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White House Reassures Iraqi Prime Minister Of Support

  • RFE/RL

Vice President Joe Biden called Iraqi Prime Minister Haider al-Abadi May 25 to reassure him of U.S. support and praise "the enormous sacrifice and bravery of Iraqi forces."

The call came one day after Defense Secretary Ash Carter provoked a tart response from the prime minister by sharply criticizing Iraqi forces defending Ramadi from takeover by the Islamic State.

"The Iraqi forces just showed no will to fight," Carter told CNN's "State of the Union" program May 24. "They vastly outnumbered the opposing force and yet they withdrew from the site."

Abadi, in an interview with the BBC, refuted Carter's "surprising" characterization, which came asIraq mounted a counteroffensive May 24 and took some towns on the road to Ramadi.

"I am sure he was fed with the wrong information," he said. An Abadi spokesman added that "we should not judge the whole army based on one incident."

The White House acknowledged the need to patch things up with Abadi, who President Obama has sought to build a positive relationship with despite tension over the U.S. role in the country.

"We know the Iraqi retreat [from Ramadi] followed an intense wave of suicide bombings. The reference to lack of will was in relation to this specific episode," said a senior administration official, who spoke on condition of anonymity.

"The Iraqis have suffered setbacks before and were able to retake territory from ISIL, such as in Baghdadi in western Anbar," said the official.

Biden said he welcomed an Iraqi decision to mobilize additional troops and "prepare for counterattack operations," pledging full U.S. support to "these and other Iraqi efforts to liberate territory" from the militants, the White House said in a statement.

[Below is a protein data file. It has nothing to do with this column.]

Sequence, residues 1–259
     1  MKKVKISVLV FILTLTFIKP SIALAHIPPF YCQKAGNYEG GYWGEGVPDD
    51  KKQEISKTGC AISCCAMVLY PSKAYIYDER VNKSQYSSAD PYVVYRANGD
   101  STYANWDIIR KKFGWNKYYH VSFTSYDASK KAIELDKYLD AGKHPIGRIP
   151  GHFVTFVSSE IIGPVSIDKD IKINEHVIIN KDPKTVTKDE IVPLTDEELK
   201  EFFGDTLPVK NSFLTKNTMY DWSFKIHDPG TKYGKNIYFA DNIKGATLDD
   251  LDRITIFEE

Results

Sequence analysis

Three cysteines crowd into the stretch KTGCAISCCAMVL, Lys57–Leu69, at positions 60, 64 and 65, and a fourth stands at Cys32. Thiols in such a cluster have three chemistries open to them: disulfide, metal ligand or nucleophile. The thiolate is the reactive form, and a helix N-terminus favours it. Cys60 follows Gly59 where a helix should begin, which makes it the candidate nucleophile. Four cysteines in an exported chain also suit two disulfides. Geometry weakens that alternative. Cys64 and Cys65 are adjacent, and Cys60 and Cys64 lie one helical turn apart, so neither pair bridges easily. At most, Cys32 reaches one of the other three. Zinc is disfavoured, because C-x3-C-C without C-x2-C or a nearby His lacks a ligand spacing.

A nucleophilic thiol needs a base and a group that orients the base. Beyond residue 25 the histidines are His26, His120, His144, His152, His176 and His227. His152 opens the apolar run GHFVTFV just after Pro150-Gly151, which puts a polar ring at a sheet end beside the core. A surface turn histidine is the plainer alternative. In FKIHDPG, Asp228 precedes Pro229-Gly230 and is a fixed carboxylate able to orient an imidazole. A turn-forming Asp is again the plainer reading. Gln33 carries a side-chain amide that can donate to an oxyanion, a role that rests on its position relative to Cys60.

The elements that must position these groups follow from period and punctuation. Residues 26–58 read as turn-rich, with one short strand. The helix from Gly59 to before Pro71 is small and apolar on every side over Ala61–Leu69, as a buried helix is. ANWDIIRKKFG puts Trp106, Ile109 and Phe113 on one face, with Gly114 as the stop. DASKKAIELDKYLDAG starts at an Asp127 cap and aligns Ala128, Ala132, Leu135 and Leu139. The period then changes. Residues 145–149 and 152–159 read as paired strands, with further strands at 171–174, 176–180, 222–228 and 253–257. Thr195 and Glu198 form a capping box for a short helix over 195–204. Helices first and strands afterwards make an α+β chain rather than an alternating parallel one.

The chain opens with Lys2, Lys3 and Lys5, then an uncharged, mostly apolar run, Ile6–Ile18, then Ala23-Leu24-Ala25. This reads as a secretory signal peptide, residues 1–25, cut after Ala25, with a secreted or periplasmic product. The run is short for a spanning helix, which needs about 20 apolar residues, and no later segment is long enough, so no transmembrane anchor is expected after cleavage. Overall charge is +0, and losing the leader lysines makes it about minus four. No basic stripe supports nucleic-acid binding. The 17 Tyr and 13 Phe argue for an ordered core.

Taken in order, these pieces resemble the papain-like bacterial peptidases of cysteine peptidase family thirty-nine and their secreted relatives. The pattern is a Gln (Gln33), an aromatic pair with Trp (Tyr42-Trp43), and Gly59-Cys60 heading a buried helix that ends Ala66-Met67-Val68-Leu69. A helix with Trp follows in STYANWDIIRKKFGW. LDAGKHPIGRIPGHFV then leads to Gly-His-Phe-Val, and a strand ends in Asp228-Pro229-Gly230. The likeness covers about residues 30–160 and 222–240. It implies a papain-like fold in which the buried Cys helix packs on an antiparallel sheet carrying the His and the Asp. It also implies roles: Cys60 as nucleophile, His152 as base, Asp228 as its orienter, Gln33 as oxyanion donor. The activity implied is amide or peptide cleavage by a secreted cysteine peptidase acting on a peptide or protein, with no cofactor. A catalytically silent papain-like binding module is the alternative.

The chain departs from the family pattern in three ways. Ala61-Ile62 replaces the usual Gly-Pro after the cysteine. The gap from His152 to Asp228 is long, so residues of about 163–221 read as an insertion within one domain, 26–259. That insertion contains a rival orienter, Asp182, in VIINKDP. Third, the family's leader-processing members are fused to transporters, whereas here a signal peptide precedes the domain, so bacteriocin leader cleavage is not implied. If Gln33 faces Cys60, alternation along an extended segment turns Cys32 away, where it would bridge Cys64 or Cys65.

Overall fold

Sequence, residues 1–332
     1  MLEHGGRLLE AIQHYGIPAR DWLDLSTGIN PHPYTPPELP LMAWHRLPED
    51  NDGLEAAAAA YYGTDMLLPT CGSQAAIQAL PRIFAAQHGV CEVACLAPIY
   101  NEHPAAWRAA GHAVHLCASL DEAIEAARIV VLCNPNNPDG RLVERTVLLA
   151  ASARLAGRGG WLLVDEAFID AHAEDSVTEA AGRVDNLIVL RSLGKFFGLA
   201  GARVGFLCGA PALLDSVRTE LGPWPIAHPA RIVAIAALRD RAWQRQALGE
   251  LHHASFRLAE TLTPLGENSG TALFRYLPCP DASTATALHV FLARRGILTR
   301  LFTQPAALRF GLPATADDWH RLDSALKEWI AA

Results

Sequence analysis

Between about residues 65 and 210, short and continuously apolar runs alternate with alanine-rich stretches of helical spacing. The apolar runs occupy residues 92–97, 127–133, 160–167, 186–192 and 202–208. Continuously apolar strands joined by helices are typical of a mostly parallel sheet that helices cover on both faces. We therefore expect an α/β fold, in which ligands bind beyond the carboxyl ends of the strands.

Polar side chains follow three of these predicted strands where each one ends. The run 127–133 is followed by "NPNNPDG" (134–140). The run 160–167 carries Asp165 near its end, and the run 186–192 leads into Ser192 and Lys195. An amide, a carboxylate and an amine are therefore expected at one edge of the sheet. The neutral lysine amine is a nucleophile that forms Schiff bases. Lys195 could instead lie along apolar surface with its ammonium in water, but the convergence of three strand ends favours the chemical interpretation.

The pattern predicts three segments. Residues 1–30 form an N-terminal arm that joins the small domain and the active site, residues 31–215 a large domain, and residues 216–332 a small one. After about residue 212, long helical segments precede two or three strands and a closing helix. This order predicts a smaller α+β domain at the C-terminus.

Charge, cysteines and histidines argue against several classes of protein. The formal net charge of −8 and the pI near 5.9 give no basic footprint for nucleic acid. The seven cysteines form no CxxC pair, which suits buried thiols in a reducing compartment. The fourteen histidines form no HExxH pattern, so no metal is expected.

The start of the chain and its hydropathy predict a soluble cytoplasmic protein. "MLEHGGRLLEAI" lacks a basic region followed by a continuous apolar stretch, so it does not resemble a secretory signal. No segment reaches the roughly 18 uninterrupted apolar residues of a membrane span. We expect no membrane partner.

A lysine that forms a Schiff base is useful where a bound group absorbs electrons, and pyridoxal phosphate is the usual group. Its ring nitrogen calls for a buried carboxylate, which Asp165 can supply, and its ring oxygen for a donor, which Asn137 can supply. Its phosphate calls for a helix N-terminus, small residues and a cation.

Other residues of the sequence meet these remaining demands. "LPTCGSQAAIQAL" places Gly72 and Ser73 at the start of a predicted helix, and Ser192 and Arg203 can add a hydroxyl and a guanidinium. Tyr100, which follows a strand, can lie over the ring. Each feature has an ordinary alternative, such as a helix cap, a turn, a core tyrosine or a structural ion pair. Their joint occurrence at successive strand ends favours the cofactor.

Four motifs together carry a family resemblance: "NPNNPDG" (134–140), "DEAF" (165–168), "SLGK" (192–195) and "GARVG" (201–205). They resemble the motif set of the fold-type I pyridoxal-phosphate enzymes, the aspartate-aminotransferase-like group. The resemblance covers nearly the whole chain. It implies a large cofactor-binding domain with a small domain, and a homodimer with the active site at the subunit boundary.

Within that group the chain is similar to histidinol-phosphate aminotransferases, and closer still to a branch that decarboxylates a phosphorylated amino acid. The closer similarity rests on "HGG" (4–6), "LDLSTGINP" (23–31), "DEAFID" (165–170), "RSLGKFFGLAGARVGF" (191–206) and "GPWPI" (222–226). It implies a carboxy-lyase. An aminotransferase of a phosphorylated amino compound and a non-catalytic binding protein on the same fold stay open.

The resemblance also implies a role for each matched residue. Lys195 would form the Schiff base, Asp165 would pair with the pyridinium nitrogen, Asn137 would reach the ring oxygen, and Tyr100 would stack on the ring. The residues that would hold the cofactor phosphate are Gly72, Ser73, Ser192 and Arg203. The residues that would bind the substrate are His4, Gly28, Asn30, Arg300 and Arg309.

The heated exchange over Ramadi provoked a pointed criticism of the U.S. military from a top Iranian official, laying bare the deep hostilities among countries that have become allies of convenience in the fight against the Islamic State.

"Under the pretext of supporting the Iraqi nation against the IS, their [US] forces are stationed just a few kilometers away from
Ramadi and they don't do a damn thing," Iranian Gen. Qassim Soleimani, the head of the elite Quds forces in Iran's Revolutionary Guard, told the Iran's Mehr News Agency.

"How shall we interpret this? Is this not a clear indication that they have no determination to fight the IS?"

Iran has offered advisers, including Soleimani, to direct Shiite militias fighting against the extremists. Iran has said it does not have combat troops fighting in Iraq, though some Revolutionary Guard members have been killed there.

The U.S. military currently has 3,040 U.S. personnel in Iraq, including 2,240 providing support to the Iraqi security forces through logistics, training, advising and other mission-support activities.

Despite the attempt to distance the White House from Carter's remarks, his assessment was comparable to one from Gen. Martin Dempsey, chairman of the Joints Chief of Staff, last week: "The ISF was not driven out of Ramadi. They drove out of Ramadi."

The Abadi spokesman said the government believes the fall of Ramadi was due to mismanagement and poor planning by some senior military commanders in charge. He did not elaborate, however, and no action has been taken against those commanders.

Baghdad has been promising a large-scale counteroffensive to regain lost ground in Iraq's vast western province of Anbar.

Abadi told the BBC Iraqi forces would take back Ramadi "in days" despite attacks from militants using "armored trucks packed with explosives."

In the first surge of the counteroffensive May 24, Iraqi forces supported by Iran-backed Shi'ite militia and locally recruited Sunni tribal fighters retook parts of al-Tash, a town 20 kilometers south of Ramadi.

Pro-government Sunni tribal fighters, with the help of the army, laid land mines to reinforce their defensive lines around Baghdadi, a settlement northwest of Ramadi that controls access to a major Iraqi air base.

The Islamic State had attacked Baghdadi with seven suicide car bombs May 24.

The group's failure to dislodge government forces prompted militant leaders to call in reinforcements, who were bussed in by the dozens to Ramadi May 25.

With reporting by AP, Reuters, CNN, dpa, and BBC